CIVICUS speaks about the East African Crude Oil Pipeline (EACOP) project and its potential impacts on the climate and on the health and livelihoods of local communities with Tanzanian climate justice activist Baraka Lenga.
Baraka is a young climate scientist and sustainability consultant, currently volunteering with Fridays for Future to raise awareness of climate change and pressuring businesses and government leaders to act urgently to address the climate crisis.
What is EACOP, and what is wrong with it?
EACOP is a massive crude oil pipeline that will involve the transportation of crude oil from Hoima in Uganda to a Tanzanian port located in Chongoleani village, in Tanga region. It will cover 1,445 kilometres in Uganda and Tanzania, but 80 per cent of the land it will go through is in Tanzania.
Local communities depend on land as the crucial resource to support their livelihoods, which consist mostly of farming and livestock keeping, so if their land is taken or ruined by the pipeline, they will be seriously affected. The project is therefore going to affect the development of many communities and impact negatively on any effort to create a sustainable and liveable local environment.
But EACOP will not only affect people; it will also pose a threat to the animals that depend on the land that will be taken up by this project.
Further, it has been estimated that once operational the project will emit 34 million tonnes of carbon dioxide per year. This means it will amplify climate change and local communities will become poorer, more vulnerable and less resilient.
How has civil society organised to resist this project?
Very unfortunately, in my country, Tanzania, most civil society organisations (CSOs) are not organising against EACOP. One contributing factor may be the limited understanding of the pipeline project in Tanzania. Little information has been shared about the project and the consequences it will have on communities, contributing to Tanzanian civil society’s limited response.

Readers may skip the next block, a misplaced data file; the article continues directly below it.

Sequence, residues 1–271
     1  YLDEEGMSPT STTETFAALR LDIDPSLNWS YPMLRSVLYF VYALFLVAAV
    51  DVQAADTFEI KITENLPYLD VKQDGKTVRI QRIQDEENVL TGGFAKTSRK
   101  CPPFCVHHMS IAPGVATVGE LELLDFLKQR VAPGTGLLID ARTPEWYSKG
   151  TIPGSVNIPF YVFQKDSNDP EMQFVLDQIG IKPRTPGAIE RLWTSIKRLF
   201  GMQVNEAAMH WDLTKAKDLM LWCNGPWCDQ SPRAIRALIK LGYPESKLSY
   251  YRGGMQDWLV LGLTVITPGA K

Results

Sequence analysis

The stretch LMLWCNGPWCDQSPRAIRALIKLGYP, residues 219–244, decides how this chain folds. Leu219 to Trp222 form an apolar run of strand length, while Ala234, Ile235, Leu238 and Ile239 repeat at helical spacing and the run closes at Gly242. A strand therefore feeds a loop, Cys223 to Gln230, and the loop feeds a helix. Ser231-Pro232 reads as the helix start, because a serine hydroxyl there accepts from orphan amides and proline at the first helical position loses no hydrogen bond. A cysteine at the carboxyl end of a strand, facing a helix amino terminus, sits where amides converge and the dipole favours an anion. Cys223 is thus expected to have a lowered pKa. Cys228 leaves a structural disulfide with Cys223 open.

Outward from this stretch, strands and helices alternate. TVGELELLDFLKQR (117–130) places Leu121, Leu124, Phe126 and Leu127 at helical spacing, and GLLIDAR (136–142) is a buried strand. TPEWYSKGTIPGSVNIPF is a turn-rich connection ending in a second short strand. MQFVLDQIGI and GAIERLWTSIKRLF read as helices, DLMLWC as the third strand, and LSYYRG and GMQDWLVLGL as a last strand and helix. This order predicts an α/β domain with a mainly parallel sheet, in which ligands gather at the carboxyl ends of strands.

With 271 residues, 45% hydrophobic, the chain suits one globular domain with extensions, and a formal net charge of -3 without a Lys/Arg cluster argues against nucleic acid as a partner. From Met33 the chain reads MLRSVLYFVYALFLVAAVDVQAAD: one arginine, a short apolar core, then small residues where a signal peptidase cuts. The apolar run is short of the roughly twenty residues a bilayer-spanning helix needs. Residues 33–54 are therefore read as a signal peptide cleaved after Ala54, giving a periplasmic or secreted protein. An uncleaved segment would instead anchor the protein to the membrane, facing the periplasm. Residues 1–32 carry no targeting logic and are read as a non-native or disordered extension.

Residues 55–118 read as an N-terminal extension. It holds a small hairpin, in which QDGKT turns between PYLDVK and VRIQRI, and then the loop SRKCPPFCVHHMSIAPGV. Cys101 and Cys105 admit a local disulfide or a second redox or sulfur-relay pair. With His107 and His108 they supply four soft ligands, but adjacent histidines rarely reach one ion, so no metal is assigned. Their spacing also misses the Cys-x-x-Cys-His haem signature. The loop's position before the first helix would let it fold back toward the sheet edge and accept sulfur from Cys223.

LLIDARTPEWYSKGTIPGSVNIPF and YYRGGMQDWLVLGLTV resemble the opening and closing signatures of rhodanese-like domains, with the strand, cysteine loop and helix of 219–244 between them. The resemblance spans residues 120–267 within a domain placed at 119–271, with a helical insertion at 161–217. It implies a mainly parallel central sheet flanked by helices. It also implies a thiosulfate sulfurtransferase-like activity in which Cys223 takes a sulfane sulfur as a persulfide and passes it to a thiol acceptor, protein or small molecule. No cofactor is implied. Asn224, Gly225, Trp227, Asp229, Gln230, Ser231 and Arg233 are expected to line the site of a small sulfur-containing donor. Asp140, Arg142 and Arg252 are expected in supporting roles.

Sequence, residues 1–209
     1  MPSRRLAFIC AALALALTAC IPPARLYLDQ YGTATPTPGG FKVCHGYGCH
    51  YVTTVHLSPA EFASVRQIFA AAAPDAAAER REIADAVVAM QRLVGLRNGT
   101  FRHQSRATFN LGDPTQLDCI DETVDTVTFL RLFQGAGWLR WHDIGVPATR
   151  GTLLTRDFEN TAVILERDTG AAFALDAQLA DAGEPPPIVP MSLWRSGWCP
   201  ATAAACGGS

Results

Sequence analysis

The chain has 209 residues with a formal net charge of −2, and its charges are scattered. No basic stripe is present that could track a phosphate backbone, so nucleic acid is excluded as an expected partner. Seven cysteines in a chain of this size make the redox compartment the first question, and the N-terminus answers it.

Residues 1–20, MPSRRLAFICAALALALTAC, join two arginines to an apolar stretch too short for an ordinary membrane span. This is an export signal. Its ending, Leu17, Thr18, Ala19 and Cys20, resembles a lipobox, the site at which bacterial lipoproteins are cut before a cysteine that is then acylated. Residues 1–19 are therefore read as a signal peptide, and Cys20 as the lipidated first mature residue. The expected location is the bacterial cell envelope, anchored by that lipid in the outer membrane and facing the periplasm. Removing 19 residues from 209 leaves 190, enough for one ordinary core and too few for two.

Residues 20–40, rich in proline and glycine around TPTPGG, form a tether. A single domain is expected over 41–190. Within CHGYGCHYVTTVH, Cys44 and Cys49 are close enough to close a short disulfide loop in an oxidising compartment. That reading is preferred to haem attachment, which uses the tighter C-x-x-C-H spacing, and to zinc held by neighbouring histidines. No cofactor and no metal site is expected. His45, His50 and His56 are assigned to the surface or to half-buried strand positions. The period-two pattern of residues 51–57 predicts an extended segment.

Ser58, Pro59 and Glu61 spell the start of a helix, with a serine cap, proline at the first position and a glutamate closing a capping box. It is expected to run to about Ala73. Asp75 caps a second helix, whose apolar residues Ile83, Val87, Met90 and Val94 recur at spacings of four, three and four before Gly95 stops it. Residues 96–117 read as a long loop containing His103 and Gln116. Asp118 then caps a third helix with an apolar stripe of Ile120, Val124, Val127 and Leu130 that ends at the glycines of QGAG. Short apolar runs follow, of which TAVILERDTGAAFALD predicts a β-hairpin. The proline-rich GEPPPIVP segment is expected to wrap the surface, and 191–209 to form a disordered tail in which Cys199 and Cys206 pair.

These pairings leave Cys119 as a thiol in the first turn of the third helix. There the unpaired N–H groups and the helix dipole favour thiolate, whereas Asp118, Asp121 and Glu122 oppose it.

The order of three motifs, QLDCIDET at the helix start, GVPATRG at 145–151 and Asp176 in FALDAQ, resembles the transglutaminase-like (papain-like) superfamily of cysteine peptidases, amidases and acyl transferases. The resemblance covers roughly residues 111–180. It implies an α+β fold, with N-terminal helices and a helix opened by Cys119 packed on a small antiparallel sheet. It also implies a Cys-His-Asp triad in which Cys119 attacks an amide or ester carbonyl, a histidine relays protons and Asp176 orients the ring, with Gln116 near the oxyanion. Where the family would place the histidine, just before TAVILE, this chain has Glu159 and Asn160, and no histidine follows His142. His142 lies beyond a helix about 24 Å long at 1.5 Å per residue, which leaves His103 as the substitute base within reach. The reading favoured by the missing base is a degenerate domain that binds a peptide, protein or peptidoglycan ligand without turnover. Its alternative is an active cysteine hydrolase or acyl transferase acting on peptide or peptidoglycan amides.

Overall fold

I have been working in my capacity as a freelance activist to raise awareness about the pipeline’s consequences and explaining why it needs to be stopped. I find it crucial for local communities to know and understand the extent to which EACOP could damage their environment and impact on their lives. Fortunately, I have been receiving support from colleagues from various parts of Africa who are using their resources to amplify our voices against EACOP.
How has the government reacted so far?
As most activists and CSOs have noticed, the government is trying to silence those who are against the pipeline. Some of us have raised our concerns since the very beginning of the project but our questions have not been addressed and the project has continued regardless.
But we have continued campaigning because we cannot overlook the damage this project will have on local communities; it comes with a lot of investment that is allegedly meant to develop East African nations but in reality is going to bring more harm to innocent lives.
What kind of support does the anti-pipeline movement need from international civil society and the wider international community?
We would like environmental activists and CSOs from across the globe to join us in raising awareness about EACOP and pressuring the governments involved to put an end to this project. We want people to understand that the companies leading the project, China National Offshore Oil Corporation and TotalEnergies – along with the governments of Tanzania and Uganda, which have brought in both countries’ national oil companies into the project – are endangering wildlife, tipping the world closer to a climate crisis and affecting the livelihoods of our people.
We have seen various multinational cooperation funds pull out of the project in compliance with their obligation to protect the environment and we hope more will do the same. Hopefully, a lack of funding will ultimately force the governments of Tanzania and Uganda to stop EACOP.